Saturday, 2 July 2011

NONSENSE TALE - CHAPTER TEN


CHAPTER TEN



(Roman Numerals instead of spelling out the chapter numbers? Or is that too tacky?)





As it turned out, Jack was rubbish a judging distances. The place where the road forked would be at least 20 miles from where jack had said it would be, and it took them the rest of their first day together and the morning of the next to even reach the first sign that indicated that they were even getting close to it. But no-one complained; they were each of them grateful for the others company. Even the Knight had seemed to be back on friendly terms with the Writer.



As pleasant as it was, conversation was limited – namely because the Knight and the Writer were secretly tiring of Jack singing every word he spoke. Of course they were far too polite to say anything – well at the moment, anyway.



‘How far do you think we have travelled today?’ The Writer said to the Knight. Before he could answer, however, Jack interrupted:



♫ ‘My friend we’ve travelled many leagues

And talked for many miles.

But I must now get off this cart,

Or I’ll end up with piles!’ ♫



With that, Jack pulled the reigns tight, and stopped the horses. Then he jumped down off the cart and started to walk about a bit to stretch his legs. The Knight and the Writer – both in no position to argue, jumped down also and decided to take some exercise. As it turned out, quite a bit of exercise because the Writer – pre-occupied with the peril that lay ahead – inadvertently backed into a tree and knocked a wasps nest down, resulting in Jack and the Writer doing that frantic running-about-whilst-flapping-your-arms-around-your-head thing in an attempt to escape the tiny fury of the wasps.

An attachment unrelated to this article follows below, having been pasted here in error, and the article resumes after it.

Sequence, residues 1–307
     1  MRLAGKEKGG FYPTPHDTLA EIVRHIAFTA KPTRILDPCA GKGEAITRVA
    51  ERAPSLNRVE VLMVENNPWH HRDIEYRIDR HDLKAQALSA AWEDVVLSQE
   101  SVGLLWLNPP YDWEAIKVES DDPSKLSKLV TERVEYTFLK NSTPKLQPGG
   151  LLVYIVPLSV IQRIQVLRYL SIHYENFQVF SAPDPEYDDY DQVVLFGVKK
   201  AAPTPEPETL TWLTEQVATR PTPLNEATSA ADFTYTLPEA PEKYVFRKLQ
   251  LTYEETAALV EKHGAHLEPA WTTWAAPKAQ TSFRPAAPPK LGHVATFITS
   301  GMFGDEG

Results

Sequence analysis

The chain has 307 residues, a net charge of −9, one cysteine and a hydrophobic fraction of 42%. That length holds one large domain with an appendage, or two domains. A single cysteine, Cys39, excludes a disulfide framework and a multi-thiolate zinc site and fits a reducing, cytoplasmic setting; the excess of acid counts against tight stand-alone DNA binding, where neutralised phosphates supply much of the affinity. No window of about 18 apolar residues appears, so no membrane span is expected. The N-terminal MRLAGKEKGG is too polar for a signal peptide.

The Knight, on the other hand, simply put on his gauntlets, closed his visor, and let the wasps sting his suit of armour. After about 5 minutes of saying ‘nothing’, and ‘is that all you got?’ every time an angry wasp tried to sting him, the Knight simply picked up the nest and moved it deep into the undergrowth, thus removing the threat.



The remaining wasps automatically moved to where their nest had been moved, away from the three travellers (two of whom were threatened; the other one was just slightly bothered). Unfortunately, Jack and the Writer did not have the protection of a suit of armour like the Knight, and were covered with several stings which were causing them obvious discomfort.



‘I hope I don’t go into Anaphylactic shock’ said the Writer, his mouth horribly swollen by a couple of stings. Actually, what he said was ‘my mope my mon’t bo bimpoo ammafliptic chock’ (the swelling affecting his pronunciation – do you see?). Jack – who had luckily not been stung too much around the face – was just as worried:



♫ ‘I too am worried – but not of going into shock

I think a wasp’s flown down my pants and stung me on my…’♫







‘Never mind about that’, the Knight interrupted just at the right time again, ‘We’ve got to get going - adventure and glory awaits! So stop your whinging, and gather your things and let’s go.’